Lucky Jim

Introduction

Lucky Jim is a novel by Kingsley Amis, published in 1954 by Victor Gollancz. It is Amis' first novel and won the Somerset Maugham Award for fiction. Set sometime around 1950, Lucky Jim follows the exploits of the eponymous James (Jim) Dixon, a reluctant medieval history lecturer at an unnamed provincial English university. The tone is often truculent and plain-spoken, but its diction and style are wide-ranging and finely modulated. The novel pioneers the characteristic subject matter of the time: a young man making his way in a post-war world that combines new and moribund attitudes.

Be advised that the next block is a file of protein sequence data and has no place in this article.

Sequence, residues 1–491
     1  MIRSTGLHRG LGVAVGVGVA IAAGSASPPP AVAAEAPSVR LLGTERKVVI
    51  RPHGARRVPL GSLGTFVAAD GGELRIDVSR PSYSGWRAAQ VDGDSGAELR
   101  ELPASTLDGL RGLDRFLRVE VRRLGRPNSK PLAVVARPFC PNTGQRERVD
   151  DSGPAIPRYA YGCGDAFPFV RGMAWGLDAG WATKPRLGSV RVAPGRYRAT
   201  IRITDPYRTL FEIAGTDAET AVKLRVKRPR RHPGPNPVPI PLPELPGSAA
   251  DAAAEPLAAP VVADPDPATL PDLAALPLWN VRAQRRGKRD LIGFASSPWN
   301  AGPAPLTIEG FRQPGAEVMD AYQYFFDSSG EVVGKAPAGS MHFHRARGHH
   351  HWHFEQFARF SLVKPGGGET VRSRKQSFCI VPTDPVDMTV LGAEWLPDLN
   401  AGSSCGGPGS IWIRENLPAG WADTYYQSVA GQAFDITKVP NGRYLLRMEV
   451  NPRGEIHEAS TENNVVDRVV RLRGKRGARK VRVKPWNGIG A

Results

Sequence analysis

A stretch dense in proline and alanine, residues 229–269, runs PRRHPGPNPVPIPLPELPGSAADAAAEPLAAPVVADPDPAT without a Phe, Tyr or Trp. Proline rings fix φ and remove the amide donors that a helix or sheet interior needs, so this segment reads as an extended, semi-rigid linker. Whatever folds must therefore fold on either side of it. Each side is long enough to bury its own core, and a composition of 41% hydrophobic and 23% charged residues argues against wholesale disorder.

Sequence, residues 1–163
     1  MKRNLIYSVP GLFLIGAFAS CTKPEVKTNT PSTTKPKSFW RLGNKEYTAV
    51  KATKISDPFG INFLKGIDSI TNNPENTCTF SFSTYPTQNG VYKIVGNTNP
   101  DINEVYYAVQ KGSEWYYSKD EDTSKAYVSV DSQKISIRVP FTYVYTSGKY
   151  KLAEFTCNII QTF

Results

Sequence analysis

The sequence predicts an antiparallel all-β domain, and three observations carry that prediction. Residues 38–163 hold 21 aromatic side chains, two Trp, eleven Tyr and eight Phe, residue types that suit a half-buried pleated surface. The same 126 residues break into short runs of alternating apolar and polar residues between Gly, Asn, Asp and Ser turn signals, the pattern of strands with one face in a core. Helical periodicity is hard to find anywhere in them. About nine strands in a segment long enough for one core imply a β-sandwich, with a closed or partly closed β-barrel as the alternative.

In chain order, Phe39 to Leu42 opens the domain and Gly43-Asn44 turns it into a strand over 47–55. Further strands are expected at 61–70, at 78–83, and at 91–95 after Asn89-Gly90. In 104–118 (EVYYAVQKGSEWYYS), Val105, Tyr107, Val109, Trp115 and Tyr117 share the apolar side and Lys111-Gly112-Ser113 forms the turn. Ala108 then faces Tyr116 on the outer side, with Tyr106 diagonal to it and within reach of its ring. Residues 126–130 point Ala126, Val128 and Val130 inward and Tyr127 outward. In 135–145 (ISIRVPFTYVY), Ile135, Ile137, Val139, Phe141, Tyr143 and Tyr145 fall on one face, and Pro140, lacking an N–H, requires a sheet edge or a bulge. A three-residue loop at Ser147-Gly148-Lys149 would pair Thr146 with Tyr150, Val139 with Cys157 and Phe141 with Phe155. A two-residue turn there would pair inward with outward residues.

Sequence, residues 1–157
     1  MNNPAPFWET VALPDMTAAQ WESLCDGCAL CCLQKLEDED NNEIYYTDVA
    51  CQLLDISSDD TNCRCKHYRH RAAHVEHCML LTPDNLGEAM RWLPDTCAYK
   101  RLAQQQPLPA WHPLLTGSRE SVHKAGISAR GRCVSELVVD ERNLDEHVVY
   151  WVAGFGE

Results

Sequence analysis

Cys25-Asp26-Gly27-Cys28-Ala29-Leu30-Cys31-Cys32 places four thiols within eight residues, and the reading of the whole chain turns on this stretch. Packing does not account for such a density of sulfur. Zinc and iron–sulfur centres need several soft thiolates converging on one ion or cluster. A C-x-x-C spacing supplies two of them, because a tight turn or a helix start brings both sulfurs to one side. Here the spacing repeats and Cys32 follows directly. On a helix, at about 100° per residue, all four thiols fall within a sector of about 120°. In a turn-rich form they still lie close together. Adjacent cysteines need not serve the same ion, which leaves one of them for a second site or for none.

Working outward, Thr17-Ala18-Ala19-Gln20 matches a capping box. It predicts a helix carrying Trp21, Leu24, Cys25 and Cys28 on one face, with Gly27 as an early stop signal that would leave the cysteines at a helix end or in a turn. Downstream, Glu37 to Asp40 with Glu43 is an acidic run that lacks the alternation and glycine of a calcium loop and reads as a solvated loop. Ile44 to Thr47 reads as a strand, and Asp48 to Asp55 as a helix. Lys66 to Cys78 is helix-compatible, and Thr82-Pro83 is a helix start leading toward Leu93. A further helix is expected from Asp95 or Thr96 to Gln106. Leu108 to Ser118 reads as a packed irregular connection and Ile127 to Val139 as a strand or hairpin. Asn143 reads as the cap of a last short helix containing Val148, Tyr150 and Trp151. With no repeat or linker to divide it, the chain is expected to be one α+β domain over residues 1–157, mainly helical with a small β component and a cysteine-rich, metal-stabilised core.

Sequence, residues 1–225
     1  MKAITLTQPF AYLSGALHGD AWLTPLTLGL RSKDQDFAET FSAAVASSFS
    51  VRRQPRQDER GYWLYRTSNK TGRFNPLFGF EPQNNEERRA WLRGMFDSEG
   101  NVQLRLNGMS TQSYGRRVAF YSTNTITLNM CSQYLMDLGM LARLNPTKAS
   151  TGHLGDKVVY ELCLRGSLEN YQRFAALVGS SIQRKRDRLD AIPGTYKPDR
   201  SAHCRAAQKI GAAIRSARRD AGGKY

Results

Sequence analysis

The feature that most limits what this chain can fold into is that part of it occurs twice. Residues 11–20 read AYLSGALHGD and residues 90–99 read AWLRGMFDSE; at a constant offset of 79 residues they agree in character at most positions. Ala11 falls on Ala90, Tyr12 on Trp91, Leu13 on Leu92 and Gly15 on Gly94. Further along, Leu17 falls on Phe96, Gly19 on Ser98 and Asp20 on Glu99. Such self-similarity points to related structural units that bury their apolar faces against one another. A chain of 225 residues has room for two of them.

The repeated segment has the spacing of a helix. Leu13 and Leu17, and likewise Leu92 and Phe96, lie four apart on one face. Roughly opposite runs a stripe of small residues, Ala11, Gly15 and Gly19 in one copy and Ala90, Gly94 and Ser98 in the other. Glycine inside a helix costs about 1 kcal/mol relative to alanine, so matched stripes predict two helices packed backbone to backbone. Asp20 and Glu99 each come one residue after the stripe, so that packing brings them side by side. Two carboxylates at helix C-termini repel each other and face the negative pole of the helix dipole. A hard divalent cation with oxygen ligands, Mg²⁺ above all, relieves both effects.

The preliminary pages quote an "old song": "Oh, lucky Jim, How I envy him...".[1]

It is supposed that Amis arrived at Jim Dixon's surname from 12 Dixon Drive, Leicester, the address of Philip Larkin from 1948 to 1950, while he was a librarian at the university.[2] Lucky Jim is dedicated to Larkin, who helped inspire the main character and who contributed significantly to the structure of the novel.[3][4]

Time magazine included the novel in its TIME 100 Best English-language Novels from 1923 to 2005.[5][6] Christopher Hitchens described it as the funniest book of the second half of the 20th century, and Toby Young has judged it the best comic novel of the 20th century.[7][8]


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